The 4th ACM SIGGRAPH Conference and Exhibition on Computer Graphics and Interactive Techniques in Asia
Conference 12-15 December • Exhibition 13-15 December • Hong Kong Convention & Exhibition Centre

Special Sessions

The Art of Making Stereoscopic 3D Animated Films

Tuesday 13 December | 15:00 - 16:15 | Theater 1

The 2D cinema has enjoyed an uninterrupted span of more than a century in which to mature in its artistry, and develop a language with which to convey the emotion of a story to an audience. This audience has, in turn, had an equal amount of time in which to develop an understanding and appreciation of cinema's nuance.

The 3D cinema, although it made its debut not that much later, has up to now been characterized by a history of fits and starts, and has not had an equivalent opportunity to mature as an art form. It is, however, currently enjoying a renaissance that is being fueled by digital means of content capture, creation, distribution and display. Walt Disney Animation Studios was at the leading edge of this rebirth, releasing the very first digital 3D feature film, "Chicken Little". From that point on, Disney has tried to envision what the art of 3D filmmaking would be like if it had enjoyed as much time as 2D in which to mature, and the resulting approach to stereography has been used on Disney's subsequent animation projects with an increasing refinement of technique.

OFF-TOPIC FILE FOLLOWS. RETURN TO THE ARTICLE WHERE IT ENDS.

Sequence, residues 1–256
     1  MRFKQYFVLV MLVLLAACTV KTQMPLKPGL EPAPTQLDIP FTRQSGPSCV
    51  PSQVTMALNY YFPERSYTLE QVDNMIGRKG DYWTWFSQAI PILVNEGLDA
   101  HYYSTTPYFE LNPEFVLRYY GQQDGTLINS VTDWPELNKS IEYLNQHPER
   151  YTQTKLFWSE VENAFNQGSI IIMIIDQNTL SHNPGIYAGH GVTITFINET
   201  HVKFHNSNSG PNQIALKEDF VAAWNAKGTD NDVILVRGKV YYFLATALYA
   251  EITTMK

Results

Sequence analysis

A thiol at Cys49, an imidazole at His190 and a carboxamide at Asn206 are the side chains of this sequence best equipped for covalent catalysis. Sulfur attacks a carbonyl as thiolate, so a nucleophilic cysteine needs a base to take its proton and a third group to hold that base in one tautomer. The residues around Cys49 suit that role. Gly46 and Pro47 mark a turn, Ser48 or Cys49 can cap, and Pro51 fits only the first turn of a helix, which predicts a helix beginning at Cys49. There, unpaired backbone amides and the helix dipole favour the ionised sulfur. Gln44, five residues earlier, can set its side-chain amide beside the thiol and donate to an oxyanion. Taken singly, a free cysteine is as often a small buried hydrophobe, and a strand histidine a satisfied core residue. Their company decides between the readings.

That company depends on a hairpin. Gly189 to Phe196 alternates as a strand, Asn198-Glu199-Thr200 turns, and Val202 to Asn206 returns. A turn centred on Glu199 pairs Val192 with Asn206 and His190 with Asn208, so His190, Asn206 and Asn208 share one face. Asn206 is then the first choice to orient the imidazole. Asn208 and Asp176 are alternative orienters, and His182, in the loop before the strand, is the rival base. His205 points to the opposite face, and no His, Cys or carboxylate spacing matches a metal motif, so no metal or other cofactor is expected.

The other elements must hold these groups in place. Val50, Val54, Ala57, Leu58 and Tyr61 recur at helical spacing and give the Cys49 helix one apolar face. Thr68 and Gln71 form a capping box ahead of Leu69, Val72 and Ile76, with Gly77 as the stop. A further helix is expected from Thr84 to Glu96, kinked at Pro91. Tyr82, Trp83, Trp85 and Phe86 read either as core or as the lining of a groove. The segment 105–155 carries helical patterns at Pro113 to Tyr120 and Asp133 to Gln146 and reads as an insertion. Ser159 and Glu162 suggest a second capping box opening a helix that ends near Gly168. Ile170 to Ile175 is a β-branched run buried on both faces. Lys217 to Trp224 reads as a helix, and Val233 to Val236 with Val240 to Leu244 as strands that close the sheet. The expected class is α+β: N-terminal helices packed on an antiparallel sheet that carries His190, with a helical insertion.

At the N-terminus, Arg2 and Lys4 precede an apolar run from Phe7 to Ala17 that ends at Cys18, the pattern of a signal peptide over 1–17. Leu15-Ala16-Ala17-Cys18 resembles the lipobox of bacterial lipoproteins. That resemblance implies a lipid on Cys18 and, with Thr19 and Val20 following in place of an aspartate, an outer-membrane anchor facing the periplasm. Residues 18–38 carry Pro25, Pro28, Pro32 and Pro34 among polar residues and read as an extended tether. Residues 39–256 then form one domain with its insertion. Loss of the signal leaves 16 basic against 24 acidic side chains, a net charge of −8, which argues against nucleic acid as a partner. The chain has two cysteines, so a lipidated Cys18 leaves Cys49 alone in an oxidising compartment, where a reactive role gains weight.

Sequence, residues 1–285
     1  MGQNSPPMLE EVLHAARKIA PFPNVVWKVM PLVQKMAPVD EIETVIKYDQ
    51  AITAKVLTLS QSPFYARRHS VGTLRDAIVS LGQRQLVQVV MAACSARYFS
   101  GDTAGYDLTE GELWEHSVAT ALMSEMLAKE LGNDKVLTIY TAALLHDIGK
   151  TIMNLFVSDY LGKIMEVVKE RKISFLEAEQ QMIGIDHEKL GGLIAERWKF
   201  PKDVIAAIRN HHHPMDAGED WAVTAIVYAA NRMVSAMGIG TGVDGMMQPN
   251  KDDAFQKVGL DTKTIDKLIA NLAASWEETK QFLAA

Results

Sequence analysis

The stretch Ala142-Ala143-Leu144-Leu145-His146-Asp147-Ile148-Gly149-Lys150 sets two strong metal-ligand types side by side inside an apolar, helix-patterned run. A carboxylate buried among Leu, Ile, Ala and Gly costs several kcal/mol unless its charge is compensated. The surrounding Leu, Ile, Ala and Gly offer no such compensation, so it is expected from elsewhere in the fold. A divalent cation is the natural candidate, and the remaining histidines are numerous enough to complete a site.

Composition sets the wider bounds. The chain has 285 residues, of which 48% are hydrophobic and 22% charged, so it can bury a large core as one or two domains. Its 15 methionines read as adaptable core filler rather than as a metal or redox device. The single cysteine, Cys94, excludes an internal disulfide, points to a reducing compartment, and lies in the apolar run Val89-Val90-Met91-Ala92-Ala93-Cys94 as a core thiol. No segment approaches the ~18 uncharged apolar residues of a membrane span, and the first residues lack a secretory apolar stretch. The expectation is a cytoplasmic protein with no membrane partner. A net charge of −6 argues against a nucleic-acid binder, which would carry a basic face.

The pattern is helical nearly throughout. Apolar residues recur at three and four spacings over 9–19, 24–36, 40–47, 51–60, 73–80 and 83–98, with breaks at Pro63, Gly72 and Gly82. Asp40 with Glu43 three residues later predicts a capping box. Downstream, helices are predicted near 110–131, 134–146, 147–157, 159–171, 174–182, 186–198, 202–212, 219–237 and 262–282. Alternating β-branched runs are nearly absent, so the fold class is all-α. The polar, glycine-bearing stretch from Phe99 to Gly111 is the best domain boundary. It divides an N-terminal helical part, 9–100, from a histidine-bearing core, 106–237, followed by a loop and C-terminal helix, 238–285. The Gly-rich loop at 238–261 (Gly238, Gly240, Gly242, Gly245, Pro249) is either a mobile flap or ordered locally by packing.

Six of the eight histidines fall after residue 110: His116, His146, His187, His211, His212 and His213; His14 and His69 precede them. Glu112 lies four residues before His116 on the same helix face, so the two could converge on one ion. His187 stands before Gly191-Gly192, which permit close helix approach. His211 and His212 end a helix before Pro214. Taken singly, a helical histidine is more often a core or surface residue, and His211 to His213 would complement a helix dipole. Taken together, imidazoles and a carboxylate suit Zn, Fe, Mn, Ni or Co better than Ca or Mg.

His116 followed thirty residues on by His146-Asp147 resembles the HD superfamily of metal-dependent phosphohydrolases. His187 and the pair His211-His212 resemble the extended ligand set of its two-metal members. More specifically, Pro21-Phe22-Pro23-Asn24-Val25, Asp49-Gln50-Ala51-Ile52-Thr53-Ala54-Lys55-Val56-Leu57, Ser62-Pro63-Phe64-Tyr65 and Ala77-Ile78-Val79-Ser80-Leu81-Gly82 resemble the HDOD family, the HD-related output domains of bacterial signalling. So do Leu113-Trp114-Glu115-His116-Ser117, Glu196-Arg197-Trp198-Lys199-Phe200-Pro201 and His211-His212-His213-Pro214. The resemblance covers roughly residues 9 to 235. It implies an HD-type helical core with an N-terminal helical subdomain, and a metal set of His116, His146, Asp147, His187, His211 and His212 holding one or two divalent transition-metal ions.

Robert Neuman, Walt Disney Animation Studios
Robert Neuman is the Stereoscopic Department Head for Walt Disney Animation Studios. His latest work, the 3D conversion of "The Lion King" set box office records, and their 50th animated feature,"Tangled", garnered the 3D Creative Arts Award for Best 3D Scene of the Year. Robert's 3D expertise is complemented by cinematography experience as a Layout Artist and Supervisor, and a technical background in electrical engineering. His innovations in stereoscopic filmmaking were honored with a Lumiere Award for 3D technology and ten Disney Inventor Awards. Robert's recent filmography also includes the stereography of "Beauty and the Beast" and "Bolt".